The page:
System Working Paper 17-12

College Is Not Enough: Higher Education Does Not Eliminate Racial and Ethnic Wealth Gaps

William R. Emmons | Federal Reserve Bank of St. Louis
Lowell R. Ricketts | Federal Reserve Bank of St. Louis

Published June 9, 2017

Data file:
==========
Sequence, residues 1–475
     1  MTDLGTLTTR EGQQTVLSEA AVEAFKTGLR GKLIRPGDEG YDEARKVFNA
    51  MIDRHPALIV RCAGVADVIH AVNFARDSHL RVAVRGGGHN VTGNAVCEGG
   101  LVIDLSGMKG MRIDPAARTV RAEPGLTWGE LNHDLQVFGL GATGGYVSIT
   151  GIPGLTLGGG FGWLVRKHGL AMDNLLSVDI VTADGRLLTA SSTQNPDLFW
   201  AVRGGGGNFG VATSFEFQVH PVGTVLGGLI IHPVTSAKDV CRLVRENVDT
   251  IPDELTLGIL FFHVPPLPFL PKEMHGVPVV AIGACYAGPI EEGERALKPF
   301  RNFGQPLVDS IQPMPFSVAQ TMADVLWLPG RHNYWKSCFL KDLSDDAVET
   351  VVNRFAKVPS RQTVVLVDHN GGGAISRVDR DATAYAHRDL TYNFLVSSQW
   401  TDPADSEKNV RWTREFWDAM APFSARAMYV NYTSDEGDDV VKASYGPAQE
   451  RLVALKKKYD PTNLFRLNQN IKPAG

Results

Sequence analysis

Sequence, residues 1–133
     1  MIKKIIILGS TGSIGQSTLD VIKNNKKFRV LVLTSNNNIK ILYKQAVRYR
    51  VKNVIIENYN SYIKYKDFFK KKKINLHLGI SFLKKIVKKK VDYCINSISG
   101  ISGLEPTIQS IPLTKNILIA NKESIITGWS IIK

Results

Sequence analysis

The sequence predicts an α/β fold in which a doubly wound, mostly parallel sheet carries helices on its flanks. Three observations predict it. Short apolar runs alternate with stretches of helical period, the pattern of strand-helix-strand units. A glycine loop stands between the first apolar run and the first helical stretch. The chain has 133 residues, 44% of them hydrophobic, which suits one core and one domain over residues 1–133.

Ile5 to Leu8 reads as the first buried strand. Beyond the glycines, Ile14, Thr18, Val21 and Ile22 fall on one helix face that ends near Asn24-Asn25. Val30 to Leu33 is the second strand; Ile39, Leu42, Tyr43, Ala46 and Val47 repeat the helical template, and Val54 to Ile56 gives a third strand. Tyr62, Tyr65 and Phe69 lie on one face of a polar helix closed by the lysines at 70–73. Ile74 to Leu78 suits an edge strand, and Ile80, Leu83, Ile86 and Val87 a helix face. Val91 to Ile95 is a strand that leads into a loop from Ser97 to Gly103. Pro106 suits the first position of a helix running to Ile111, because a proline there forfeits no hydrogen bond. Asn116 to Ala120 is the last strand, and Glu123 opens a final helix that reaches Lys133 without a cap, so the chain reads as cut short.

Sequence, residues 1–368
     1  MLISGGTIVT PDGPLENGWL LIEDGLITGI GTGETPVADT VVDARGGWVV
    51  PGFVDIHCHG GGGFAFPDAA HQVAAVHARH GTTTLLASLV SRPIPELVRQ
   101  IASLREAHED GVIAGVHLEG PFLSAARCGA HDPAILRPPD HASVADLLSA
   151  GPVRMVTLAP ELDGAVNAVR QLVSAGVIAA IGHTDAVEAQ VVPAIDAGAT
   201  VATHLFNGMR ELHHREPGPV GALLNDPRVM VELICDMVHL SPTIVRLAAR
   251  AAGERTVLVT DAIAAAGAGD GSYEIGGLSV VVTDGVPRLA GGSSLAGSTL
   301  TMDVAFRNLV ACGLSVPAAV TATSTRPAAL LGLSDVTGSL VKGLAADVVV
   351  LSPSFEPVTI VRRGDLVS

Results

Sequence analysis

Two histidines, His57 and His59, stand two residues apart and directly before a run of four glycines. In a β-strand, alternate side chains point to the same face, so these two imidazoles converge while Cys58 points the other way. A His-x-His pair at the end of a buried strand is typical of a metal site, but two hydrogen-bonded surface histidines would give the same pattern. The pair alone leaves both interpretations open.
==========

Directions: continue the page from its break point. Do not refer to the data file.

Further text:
Differences in college and post-graduate degree attainment alone explain less than half of Black-White and Hispanic-White wealth gaps in a standard wealth regression. Differences in family structure and measures of luck such as income windfalls and inheritances explain even less. Measures of financial decisionmaking, such as the share of housing in total assets and debt ratios, are much more important. Controlling for differences in all of these observable factors simultaneously and adjusting for life-cycle effects, we can explain about 70 percent of the Black-White wealth gap and virtually all of the Hispanic-White and Asian-White wealth gaps, consistent with earlier research. However, this model assumes equal wealth returns to education levels across racial and ethnic groups. Relaxing this assumption, we find significantly different wealth outcomes across racial and ethnic groups within the same education level. This, in turn, weakens the conclusion that racial and ethnic wealth gaps are largely explainable with observable factors. More importantly, the standard approach assumes all families face the same choice and opportunity sets. We investigate an alternative theoretical framework that attributes racial or ethnic group mean differences in education, family structure, financial decisions, and luck not to individual choice or effort in the face of equal opportunities but instead to systemic or structural factors in the past and present. In this model, the share of wealth gaps that can be explained by observables falls below one fifth for Blacks and Hispanics and to about three quarters for Asians. In other words, a structural determinants framework suggests the vast majority of the Black-White and Hispanic-White wealth gaps may lie beyond the scope of individual actions or marginal policy changes directed at educational attainment, family structure, financial decisionmaking, or even wealth redistribution. Instead, the gaps appear to be deeply rooted in unobservable factors that may include discrimination or other long-lasting disadvantages.

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